How is a mortgage calculated?

When thinking about applying for a mortgage there are a number of things you should consider. Mortgage providers look at your income and outgoings to see if you can afford the repayments if interest rates rise or your circumstances change.

What can you afford?

In the past, loan-to-income ratios were used by mortgage lenders which meant they based the amount you could borrow mainly on a multiple of your income. Nowadays, the lender will cap the loan-to-income ratio at 4.5 times your income.

The lender will also carry out an affordability assessment which takes into account various personal and living expenses as well as your income.

A ‘stress test’ is also carried out, testing your ability to repay your mortgage when certain changes in circumstances are considered such as interest rate rises, redundancy, having a baby or taking a career break. If the mortgage lender thinks you won’t be able to afford your mortgage payments, they might limit how much you can borrow.

Use our mortgage calculator to estimate how much you can borrow and what your repayments might work out as.

What information do you provide to your lender?

Your mortgage lender will ask for the following information from you:

· Your basic income (bank statements and pay slips will need to be provided)

· Income from Pension or Investments

· Income in the way of financial support from ex-spouses or child maintenance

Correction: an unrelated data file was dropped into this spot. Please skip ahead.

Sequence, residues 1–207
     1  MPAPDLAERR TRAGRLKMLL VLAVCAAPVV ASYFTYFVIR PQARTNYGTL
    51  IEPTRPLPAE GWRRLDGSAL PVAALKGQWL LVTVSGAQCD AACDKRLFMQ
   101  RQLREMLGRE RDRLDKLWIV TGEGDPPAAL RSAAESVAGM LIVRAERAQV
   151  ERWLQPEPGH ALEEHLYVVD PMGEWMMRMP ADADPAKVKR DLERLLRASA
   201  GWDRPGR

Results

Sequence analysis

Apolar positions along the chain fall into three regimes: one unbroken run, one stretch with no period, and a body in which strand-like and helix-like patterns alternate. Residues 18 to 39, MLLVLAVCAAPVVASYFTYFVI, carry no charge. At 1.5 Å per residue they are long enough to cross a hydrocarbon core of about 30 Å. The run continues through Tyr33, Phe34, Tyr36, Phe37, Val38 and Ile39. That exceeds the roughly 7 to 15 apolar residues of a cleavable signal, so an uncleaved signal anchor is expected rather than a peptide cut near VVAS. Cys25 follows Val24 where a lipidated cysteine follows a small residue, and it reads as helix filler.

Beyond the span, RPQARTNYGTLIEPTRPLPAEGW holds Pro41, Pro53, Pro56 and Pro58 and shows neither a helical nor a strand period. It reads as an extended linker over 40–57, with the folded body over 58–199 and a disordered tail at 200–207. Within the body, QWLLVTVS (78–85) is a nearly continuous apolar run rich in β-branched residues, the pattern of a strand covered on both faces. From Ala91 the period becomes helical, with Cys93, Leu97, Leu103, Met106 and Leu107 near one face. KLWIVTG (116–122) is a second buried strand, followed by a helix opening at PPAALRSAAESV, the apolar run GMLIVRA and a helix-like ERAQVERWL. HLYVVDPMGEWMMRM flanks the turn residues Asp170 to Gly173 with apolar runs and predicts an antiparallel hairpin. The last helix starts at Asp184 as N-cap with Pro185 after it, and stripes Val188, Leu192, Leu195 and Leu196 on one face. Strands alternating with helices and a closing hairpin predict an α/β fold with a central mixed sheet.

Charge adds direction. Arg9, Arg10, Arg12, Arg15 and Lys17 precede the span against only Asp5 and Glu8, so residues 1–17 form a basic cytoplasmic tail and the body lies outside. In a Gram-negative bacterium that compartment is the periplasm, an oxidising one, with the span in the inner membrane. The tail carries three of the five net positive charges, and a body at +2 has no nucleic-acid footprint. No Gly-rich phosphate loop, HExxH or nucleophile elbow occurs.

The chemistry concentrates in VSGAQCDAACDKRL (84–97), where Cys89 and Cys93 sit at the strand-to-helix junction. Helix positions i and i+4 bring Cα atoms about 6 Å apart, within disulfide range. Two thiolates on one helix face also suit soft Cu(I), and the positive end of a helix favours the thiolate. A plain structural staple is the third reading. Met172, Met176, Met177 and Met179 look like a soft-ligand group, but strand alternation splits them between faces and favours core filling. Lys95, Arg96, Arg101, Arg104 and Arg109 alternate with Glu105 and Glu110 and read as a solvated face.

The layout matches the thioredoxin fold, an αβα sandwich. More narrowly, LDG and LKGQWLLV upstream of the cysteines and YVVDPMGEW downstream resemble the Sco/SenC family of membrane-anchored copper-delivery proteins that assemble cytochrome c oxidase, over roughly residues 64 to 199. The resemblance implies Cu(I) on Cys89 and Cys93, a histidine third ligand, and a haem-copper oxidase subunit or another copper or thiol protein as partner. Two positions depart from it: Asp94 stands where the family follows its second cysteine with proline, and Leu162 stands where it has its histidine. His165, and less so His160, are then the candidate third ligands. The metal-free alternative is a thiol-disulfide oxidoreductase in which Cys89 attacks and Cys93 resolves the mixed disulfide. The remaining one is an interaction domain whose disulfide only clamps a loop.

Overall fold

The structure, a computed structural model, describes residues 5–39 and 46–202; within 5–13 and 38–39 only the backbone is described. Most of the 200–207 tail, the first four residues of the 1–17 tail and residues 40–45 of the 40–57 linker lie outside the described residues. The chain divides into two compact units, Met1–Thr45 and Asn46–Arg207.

· Any other earnings you have e.g. overtime, freelance work etc.

If you are self-employed you will need to provide bank statements, business accounts and details of the income tax you have paid.

You will then need to show proof of all outgoings:

· Credit card repayments

· Maintenance payments

· Insurance

· Any other loans or credit agreements

· Bill such as water, gas, electricity, broadband

· Living costs such as spending on clothes, basic recreation, childcare etc.

To help with this section, you can check your credit report before applying for a mortgage. We recommend using Checkmyfile.

The lender will then assess whether you could pay your mortgage if interest rates increased, your partners lost their job, you couldn’t work due to illness or your life changed (having a baby, or a career break).

How much will I be able to borrow?

Our mortgage calculator can help you find out how much your monthly payments would be if interest rates rose in the future.

If you only have a small deposit or are on a low income then the government has schemes that can help such as help-to-buy.

What’s next?

Get in touch today if you would like to discuss your new mortgage or find out more about re-mortgaging your property.

*Your home maybe repossessed if you do not keep up repayment on your mortgage.

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